Going Native began with Robert Farris Thompson's keynote address, with an audience of more than 200 people, and continued for two days with an equally large audience. A copy of the program is still available on our Web site (as of this writing). Local activists, public scholars, and academic scholars participated in panels and workshops as panelists explored the relationship and obligations between the researcher and the researched. Some panels included conversations between researchers and folk artists or researchers and local activists. The conference provided a range of ways of organizing discussion, from the formal presentation of papers to workshop discussions on the definition of folk art, to participatory cultural expression. The Friday evening banquet with Rusalka, OSU's Slavic Chorus, combined good food with an introduction to Russian toasts, songs, and dance.
Certainly, the conference addressed more issues than it resolved, and if some new answers emerged, we were also left with new controversies. While we might agree to examine our relationships and obligations to the people we study, we do not agree on how that might be done. We disagree about the role of the expert, about whether the academic or the cultural practitioner has either rights or perspectives for interpretation, and we disagree about how to use the privilege of our expertise and status. We might agree that the field of folklore can make an important contribution to the study of colonialism and to global discourse in the post-colonial era, but we disagree about the position of the folklorist as potential colonizer. Some would say that we act best when we enter public political arenas and speak on behalf of the preservation of folk culture. Others suggest that we create more public possibilities for people to speak about their own situations. Some worry about actions taken on behalf of others, and others worry about a failure to act. Some of us endeavor to fulfill obligations to convert, identify, or be recruited (to use the words from the subtitle of the conference), and others suggest that in our efforts to "go native," we are taking away one of the few privileges of the subjects of our study.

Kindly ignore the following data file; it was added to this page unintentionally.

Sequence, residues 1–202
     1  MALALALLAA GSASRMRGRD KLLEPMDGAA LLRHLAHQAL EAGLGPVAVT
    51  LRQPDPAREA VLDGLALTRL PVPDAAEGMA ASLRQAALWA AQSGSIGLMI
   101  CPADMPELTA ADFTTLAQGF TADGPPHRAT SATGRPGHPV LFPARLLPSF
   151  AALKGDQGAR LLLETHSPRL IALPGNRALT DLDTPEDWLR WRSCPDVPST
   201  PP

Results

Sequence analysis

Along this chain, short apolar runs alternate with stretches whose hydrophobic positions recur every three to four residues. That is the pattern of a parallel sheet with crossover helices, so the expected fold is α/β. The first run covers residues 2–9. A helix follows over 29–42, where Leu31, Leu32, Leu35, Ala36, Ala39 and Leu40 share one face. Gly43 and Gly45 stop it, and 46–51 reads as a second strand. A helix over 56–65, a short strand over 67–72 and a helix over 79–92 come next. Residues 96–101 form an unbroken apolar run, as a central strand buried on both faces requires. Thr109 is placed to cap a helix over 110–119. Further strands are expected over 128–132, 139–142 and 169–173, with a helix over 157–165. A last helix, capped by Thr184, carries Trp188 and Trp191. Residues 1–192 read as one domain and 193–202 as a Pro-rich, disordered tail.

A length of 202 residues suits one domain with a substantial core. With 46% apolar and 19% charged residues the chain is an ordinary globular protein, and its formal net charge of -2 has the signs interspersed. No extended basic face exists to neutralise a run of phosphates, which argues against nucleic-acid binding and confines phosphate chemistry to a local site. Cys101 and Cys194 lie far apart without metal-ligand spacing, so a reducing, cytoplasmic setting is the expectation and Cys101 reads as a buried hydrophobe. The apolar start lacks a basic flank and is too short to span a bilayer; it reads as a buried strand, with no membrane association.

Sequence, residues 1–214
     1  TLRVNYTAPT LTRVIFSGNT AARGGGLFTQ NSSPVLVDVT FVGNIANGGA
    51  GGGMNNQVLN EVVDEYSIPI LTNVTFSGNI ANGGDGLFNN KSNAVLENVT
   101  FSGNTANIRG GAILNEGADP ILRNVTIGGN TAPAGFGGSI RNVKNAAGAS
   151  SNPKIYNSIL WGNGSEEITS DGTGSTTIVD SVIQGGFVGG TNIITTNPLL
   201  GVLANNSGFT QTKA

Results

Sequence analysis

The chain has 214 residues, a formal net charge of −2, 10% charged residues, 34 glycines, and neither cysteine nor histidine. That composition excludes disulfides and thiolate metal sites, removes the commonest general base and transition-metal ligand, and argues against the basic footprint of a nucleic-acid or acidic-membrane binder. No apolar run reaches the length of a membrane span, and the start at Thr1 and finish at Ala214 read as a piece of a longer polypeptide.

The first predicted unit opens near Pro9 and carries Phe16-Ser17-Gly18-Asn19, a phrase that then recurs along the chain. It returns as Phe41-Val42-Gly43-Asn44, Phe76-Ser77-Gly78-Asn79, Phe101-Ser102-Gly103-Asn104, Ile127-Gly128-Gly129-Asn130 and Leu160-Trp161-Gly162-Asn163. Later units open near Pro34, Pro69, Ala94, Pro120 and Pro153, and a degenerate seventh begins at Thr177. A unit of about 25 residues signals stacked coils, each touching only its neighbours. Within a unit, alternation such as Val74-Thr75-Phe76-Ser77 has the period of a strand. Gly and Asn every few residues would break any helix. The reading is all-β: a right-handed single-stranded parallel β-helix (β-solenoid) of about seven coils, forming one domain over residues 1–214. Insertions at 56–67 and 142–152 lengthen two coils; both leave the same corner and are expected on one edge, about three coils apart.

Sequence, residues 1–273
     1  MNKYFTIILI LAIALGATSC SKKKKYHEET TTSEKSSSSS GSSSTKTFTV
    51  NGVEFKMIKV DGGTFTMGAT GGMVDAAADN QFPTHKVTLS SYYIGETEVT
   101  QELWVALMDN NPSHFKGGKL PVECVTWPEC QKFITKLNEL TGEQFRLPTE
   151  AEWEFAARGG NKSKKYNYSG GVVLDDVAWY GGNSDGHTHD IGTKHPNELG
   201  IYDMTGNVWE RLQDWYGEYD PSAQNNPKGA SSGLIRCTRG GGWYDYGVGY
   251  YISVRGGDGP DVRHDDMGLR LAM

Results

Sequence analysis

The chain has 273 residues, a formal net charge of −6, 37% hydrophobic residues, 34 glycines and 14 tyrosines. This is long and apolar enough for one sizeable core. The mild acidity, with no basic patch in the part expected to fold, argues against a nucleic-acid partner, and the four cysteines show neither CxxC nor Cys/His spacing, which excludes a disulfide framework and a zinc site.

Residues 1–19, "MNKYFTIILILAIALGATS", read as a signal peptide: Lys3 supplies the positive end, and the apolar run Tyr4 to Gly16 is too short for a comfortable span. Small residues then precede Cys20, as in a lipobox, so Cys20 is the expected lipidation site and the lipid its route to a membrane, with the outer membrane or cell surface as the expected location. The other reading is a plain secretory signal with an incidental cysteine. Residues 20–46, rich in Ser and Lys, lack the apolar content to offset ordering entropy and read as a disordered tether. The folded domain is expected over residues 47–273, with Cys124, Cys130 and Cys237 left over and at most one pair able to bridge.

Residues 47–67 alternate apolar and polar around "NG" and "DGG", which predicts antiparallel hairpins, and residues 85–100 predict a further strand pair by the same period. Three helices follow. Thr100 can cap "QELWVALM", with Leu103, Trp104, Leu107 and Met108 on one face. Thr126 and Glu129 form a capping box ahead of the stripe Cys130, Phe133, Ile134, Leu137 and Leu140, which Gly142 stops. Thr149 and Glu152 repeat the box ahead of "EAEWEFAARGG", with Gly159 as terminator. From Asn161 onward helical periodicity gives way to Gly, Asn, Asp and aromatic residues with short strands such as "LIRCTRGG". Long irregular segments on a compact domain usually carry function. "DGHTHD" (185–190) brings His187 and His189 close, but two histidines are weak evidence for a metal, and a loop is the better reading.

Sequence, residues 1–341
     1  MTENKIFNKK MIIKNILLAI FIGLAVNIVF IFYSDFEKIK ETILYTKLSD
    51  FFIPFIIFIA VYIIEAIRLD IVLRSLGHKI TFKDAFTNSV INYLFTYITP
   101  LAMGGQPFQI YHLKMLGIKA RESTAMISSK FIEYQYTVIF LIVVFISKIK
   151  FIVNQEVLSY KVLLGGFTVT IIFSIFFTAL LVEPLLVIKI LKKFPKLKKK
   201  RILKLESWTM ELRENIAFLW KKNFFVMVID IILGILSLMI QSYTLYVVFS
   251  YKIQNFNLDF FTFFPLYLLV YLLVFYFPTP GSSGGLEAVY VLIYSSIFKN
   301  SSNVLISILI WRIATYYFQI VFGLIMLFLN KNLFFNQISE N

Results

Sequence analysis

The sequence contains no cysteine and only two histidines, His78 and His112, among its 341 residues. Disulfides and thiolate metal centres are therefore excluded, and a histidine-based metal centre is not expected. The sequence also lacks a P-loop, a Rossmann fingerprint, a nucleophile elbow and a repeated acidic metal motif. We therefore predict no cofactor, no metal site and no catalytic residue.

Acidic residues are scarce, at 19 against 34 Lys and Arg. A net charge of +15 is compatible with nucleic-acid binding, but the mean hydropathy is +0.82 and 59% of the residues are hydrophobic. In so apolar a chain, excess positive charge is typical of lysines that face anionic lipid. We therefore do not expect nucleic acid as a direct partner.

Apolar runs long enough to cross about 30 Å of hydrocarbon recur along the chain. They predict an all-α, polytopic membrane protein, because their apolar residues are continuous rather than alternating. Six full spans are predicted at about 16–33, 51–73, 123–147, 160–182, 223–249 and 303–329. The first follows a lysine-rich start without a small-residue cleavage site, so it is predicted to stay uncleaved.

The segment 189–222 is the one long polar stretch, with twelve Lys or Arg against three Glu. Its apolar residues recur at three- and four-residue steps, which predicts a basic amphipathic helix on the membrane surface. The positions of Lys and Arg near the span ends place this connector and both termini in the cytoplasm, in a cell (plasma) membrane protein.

For many participants, Going Native provided a forum for exploring the disciplinary practices of those who use ethnographic methods in cultural research. Many scholars today are troubled by both the ethical dilemmas of appropriating local cultural truths for academic discourses, and scholars are additionally troubled by the methodological validity of their research. Put simply, translation can both appropriate and contaminate. But the participants at the Going Native conference did not, by and large, suggest that we avoid ethnographic research or refrain from studying others. Quite the contrary. Instead, many participants suggested that we recognize the contaminations that are part of cultural exchange-that we recognize that our exchanges as academics entering other cultures are not unlike any other points of contact. Many participants mounted a defense for folklore, for ethnographic research, for the view from below. As Alessandro Portelli said, folklore can bring the discourses from above and below into a dialogue. As Ana Cara said in her paper on creole cultures: from above, the creole is seen as lazy and incompetent, a contamination of categories, but from the creole perspective, what looks like contamination from above, looks like creativity and invention.
The Going Native conference occurred at a moment in the history of folkloristics when we have willingly discarded our quest for "authentic," undisturbed, or uncontaminated cultural practices. After all, we recognize that "folklore" describes a category of culture already past, already contaminated, at the moment it is "discovered" by the folklorist. Having relinquished our quest for the authentic, we find ourselves not having lost a vanishing subject but instead redescribing our subject as the very complexity that undermines, and always undermined, any possibility of a more simple, pre-contamination folk group.